One of the great criticisms of the transhumanist movement is that it will only benefit wealthy, First World citizens and that the ones who need the most help, the impoverished and marginalized - including their children - will be forgotten. This is already a partial problem with current science and technology. Worse, some of those who try to help end up coming up with absurd solutions that aren’t really what the poorest and majority of disenfranchised need. Then again, some solutions, like Dean Kamen’s slingshot (if it actually does what he says) are exactly what is needed.
This is no new argument, everyone who’s given this serious thought knows technoscience can cause as many problems as it solves.
I’ve been reading a lot of postcolonial criticism of science recently and, well, I think transhumanists need to take a serious look at what postcolonial critics, like Harding, Spivak, and Said are saying. In particular, transhumanism wants to make people well continuously as a permanent baseline so that enhancement can occur. If we focus on technologies that can make people, particularly those whose countries and cultures lack the infrastructure and institutions to develop to do so for themselves, better at a very low cost/infrastructure requirement, then transhumanism will have a global population to work from instead of a dinky core of hyper-elite hobby augmenters. I’m libertarian and I’m saying this stuff, which is why I probably support democratic transhumanism more so than die-hard (cough, objectivist, cough) libertarian transhumanists.
For me, one of the best examples of a simple, solvable problem is that of cleft lip and palate. While a cosmetic issue, yes, it’s also clearly a health/wellness and quality of life issue. Cleft lip and palate is a huge problem in the developing world and biotechnology looks to be the best hope for a mass solution because the problem is genetically based. [Science Daily] That means it’s something we can, in fact, must solve with biotech. I think that’s what made Juan Enriquez’s TED Talk so compelling, he talks about simple, realistic solutions. And TEETH. For God’s sake can I get some new teeth? Regrowing teeth is probably the single biggest hope I have invested myself in thus far. I have one crown and a couple fillings, will probably need more, and I cannot stand going to the dentist (yet I still don’t floss, heap shame upon me). The large point here is that transhumanism’s four big techs - nano, bio, info, cogno - don’t have to be just committed to creating some sort of superhuman. Transhuman tech can be used to make things like Crohn’s disease and lupus and tinnitus and malaria non-issues.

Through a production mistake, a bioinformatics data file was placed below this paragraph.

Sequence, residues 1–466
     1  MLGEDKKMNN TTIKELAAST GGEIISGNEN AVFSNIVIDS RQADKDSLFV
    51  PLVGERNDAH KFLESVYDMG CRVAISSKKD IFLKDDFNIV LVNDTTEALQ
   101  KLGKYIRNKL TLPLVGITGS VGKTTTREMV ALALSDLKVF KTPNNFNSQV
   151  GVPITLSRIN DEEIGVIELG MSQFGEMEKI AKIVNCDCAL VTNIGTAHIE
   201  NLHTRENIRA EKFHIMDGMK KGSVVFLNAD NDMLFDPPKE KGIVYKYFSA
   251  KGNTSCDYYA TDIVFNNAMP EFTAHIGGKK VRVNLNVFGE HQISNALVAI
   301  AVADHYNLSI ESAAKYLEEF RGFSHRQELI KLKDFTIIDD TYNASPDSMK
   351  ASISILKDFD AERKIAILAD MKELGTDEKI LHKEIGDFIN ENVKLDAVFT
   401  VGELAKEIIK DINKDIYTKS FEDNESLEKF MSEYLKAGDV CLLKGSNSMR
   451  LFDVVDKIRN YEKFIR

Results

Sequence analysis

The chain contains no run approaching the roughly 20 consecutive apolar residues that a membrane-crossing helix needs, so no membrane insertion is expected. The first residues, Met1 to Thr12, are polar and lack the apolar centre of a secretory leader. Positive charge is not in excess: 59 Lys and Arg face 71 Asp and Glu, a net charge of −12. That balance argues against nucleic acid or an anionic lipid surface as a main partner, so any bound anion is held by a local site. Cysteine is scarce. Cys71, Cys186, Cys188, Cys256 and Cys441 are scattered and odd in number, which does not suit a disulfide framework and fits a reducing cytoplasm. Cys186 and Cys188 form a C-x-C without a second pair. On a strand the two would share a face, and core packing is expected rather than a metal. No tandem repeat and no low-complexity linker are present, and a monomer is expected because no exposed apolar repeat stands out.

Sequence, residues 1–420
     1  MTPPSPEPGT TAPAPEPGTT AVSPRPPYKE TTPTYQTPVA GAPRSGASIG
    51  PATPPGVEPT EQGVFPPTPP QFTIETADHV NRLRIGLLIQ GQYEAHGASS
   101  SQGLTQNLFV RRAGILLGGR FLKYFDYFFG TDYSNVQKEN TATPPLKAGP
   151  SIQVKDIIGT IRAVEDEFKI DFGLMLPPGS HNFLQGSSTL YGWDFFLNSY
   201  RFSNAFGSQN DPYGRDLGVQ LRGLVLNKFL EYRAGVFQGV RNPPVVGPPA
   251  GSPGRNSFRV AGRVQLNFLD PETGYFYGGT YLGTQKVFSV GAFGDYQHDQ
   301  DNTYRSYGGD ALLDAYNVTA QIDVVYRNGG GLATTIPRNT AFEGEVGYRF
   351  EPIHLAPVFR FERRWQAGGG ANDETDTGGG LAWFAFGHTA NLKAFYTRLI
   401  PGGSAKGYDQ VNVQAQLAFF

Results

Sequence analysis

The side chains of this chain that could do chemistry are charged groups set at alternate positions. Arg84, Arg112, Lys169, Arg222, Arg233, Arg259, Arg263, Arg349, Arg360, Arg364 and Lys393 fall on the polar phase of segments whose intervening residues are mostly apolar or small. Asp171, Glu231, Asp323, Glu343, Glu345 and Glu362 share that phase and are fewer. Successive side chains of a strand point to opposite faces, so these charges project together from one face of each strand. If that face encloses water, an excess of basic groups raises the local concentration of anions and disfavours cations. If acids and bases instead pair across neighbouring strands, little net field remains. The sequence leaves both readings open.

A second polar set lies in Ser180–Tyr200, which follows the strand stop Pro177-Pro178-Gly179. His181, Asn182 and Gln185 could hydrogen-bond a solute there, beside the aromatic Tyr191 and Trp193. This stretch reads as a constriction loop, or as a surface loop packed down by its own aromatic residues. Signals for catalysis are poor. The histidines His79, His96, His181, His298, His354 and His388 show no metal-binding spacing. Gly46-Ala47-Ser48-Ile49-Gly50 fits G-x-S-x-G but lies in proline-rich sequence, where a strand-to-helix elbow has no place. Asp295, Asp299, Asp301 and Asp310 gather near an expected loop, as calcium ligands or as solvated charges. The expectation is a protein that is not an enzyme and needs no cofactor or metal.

I say this in a postcolonial context because a great number of transhuman and postmodern technologies allow for those countries that had their ‘natural historical development’ (for lack of a better term) derailed by colonialism to skip, as it were, the path of current developed countries. In short, they don’t have to industrialize. Transhuman and postmodern tech, like alt-energy, cell networks, and micro-manufacturing allow tiny, rural communities to be both self-sufficient and enjoy a high standard of living. The key here is to make these technologies available and useful but also present enough options to prevent corporate colonialism.
It always helps put the transhumanist movement in perspective by trying to imagine its usefulness to a rural, subsistence farmer or nomad. The green movement has taken the same approach, noting how while current solar tech isn’t enough to fuel our high-energy lives, one solar cell can bring significant improvement in quality of life to a rural, impoverished family. I’m not speaking for the subaltern here, just trying to start the dialog.
Kyle Munkittrick, IEET Program Director: Envisioning the Future, is a recent graduate of New York University, where he received his Master's in bioethics and critical theory.
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